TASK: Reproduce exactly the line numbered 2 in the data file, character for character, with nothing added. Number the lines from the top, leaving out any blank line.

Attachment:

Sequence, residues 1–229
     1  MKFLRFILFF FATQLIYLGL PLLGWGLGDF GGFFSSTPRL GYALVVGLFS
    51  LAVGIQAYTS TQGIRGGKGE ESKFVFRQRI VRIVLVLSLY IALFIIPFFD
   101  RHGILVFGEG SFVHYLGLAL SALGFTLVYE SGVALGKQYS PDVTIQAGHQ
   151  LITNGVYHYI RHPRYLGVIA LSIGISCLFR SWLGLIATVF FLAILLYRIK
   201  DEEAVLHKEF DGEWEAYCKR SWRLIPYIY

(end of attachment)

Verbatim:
     1  MKFLRFILFF FATQLIYLGL PLLGWGLGDF GGFFSSTPRL GYALVVGLFS